Arkansas Senator Tom Cotton came out in agreement with Donald Trump last week on our role in NATO. They disagree on a solution but it’s a great idea and about time they bring this to the forefront.
SENATOR TOM COTTON ON AMERICA’S ROLE IN NATO:
Arkansas Sen. Tom Cotton on Friday discussed his participation in a meeting with Donald Trump earlier this week, remarking that he and the Republican presidential frontrunner have similar concerns when it comes to the United States’ role in the North Atlantic Treaty Organization.
“You know, he had spoken earlier that day to The Washington Post editorial board and raised some serious questions about NATO. I share some of those questions,” Cotton said in an interview with MSNBC’s “Morning Joe.” “We used to split our costs 50/50 between the U.S. and Europe. Today, it’s 70-30 between the U.S. and Europe.” Read more: Politico
In an interview with The Washington Post editorial board, Donald Trump made an accurate statement about the U.S. subsidization of fellow NATO members:
TRUMP: Look, I see NATO as a good thing to have — I look at the Ukraine situation and I say, so Ukraine is a country that affects us far less than it affects other countries in NATO, and yet we are doing all of the lifting, they’re not doing anything. And I say, why is it that Germany is not dealing with NATO on Ukraine? Why is it that other countries that are in the vicinity of the Ukraine not dealing with — why are we always the one that’s leading, potentially the third world war, okay, with Russia? Why are we always the ones that are doing it? And I think the concept of NATO is good, but I do think the United States has to have some help. We are not helped. I’ll give you a better example than that. I mean, we pay billions — hundreds of billions of dollars to supporting other countries that are in theory wealthier than we are.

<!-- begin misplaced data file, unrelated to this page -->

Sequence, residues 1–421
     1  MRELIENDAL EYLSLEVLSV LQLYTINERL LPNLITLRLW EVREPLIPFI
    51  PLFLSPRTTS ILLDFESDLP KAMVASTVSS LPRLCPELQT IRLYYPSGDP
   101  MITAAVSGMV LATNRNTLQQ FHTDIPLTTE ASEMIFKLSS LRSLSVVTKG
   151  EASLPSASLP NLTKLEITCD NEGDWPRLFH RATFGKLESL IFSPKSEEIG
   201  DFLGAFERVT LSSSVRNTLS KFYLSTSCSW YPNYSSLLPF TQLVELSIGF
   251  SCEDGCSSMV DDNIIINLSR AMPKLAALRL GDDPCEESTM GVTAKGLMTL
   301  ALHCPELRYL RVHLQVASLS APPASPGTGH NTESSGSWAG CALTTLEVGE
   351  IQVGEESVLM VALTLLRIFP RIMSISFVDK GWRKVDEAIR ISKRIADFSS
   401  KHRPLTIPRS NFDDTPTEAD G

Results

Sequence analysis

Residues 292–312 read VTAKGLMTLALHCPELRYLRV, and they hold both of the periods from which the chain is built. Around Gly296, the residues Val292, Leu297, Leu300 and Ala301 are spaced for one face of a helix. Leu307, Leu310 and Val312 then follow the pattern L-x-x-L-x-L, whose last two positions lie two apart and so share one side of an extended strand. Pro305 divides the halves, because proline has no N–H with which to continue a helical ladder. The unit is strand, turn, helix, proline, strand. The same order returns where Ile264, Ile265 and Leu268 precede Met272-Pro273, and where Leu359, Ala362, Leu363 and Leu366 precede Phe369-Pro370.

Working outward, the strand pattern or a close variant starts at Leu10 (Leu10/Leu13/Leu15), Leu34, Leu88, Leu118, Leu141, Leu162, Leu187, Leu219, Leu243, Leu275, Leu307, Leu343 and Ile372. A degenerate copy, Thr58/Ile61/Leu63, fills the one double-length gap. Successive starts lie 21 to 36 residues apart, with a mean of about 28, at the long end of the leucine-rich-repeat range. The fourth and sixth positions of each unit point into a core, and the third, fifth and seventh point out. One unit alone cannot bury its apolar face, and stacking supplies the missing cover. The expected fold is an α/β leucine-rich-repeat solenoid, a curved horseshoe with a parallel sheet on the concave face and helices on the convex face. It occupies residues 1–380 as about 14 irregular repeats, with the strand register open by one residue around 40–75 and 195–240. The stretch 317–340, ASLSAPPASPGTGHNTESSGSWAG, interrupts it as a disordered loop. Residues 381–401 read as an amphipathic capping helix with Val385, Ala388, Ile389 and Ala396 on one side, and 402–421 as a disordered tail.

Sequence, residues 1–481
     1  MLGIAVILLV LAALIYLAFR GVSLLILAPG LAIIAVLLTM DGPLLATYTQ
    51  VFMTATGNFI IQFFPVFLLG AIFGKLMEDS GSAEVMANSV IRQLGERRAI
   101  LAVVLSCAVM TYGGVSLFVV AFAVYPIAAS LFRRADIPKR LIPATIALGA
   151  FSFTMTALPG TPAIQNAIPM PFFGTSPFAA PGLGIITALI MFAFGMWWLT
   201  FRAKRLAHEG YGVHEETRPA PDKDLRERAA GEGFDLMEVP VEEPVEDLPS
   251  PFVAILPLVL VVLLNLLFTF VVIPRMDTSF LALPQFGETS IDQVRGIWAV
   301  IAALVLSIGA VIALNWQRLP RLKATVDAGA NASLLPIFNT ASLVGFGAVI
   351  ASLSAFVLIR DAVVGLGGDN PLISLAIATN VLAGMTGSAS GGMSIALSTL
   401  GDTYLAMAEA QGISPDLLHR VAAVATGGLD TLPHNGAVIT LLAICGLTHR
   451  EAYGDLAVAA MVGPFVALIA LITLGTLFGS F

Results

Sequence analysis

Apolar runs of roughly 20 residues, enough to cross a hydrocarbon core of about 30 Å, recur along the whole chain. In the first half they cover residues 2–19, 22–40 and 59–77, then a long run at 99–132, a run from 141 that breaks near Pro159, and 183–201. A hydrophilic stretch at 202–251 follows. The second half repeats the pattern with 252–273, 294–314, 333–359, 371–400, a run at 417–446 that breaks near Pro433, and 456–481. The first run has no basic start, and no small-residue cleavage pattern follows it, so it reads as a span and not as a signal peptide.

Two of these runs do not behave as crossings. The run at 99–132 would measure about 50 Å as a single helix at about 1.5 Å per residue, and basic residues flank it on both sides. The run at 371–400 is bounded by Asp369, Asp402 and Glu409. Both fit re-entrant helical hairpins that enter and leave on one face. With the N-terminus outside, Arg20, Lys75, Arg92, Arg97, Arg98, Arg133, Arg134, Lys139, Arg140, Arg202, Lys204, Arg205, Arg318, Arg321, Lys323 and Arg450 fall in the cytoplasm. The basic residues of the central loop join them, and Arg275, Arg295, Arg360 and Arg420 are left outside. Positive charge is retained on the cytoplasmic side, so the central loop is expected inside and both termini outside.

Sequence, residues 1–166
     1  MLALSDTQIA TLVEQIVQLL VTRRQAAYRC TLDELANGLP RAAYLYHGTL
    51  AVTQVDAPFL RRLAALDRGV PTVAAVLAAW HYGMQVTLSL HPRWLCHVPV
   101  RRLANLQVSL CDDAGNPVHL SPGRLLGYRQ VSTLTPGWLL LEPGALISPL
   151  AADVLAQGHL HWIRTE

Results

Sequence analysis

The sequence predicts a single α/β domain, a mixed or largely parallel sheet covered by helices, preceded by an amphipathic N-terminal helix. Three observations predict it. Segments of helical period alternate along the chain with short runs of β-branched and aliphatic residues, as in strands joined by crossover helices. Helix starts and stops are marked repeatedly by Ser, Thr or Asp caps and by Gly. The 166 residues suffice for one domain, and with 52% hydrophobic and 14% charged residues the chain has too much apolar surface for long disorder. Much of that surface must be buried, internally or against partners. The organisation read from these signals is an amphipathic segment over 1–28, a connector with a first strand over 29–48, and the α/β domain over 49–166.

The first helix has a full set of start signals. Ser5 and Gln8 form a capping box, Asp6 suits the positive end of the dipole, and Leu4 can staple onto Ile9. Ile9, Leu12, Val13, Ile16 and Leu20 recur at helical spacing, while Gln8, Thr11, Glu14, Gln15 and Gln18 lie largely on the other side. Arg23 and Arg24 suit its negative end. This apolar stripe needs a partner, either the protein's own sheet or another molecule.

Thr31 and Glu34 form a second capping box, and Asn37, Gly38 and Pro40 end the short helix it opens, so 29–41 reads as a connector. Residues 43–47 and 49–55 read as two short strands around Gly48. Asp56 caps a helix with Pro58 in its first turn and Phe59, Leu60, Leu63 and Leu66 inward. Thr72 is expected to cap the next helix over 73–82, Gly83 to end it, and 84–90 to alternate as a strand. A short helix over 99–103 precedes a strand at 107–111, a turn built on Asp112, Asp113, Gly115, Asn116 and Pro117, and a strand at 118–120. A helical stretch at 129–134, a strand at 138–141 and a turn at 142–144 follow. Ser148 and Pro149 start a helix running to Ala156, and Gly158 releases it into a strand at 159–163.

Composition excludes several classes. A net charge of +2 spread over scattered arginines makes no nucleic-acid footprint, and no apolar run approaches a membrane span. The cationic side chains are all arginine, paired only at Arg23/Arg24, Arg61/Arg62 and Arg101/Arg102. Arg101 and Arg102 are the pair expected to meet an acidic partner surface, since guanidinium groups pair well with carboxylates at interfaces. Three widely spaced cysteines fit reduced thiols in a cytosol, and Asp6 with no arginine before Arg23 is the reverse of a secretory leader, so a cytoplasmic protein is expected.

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DIEHL: Hundreds of billions?
Trump’s GOP opponents jumped on his comments and accused him of suggesting that the U.S. should leave NATO, or at least cut back its support of the alliance.
In fact, Trump was correct that the U.S. is paying “hundreds of billions of dollars to supporting other countries” via NATO each year, never mind additional military subsidies to non-NATO allies.
In 2014, the collective GDP of all NATO members was US$37.5 trillion. During the same year, the alliance spent a total of US$924 billion on military expenditures, of which the U.S. spent the majority ($610 billion), according to the SIPRI Military Expenditure Database.
Consequently, the alliance collectively spent 2.47% of GDP on defense. The U.S. was the only member above this value, coming in at 3.5% of GDP. In other words, the U.S. subsidizes each and every other member of NATO.
This leads us to the following chart, showing the individual defense spending deficits toward the common defense in 2014 for each NATO member – note that the U.S. has a “surplus” of US$180 billion that equals the sum of all other member deficits.
Unsurprisingly, Germany (US$47 billion per year) and Canada (US$26 billion per year) are the biggest NATO laggards, followed closely by Spain and Italy at $US21 billion per year each. These four countries constitute almost two thirds of the total NATO deficit that has to be covered by the United States.
Trump had good instincts on this.
Read more: American Thinker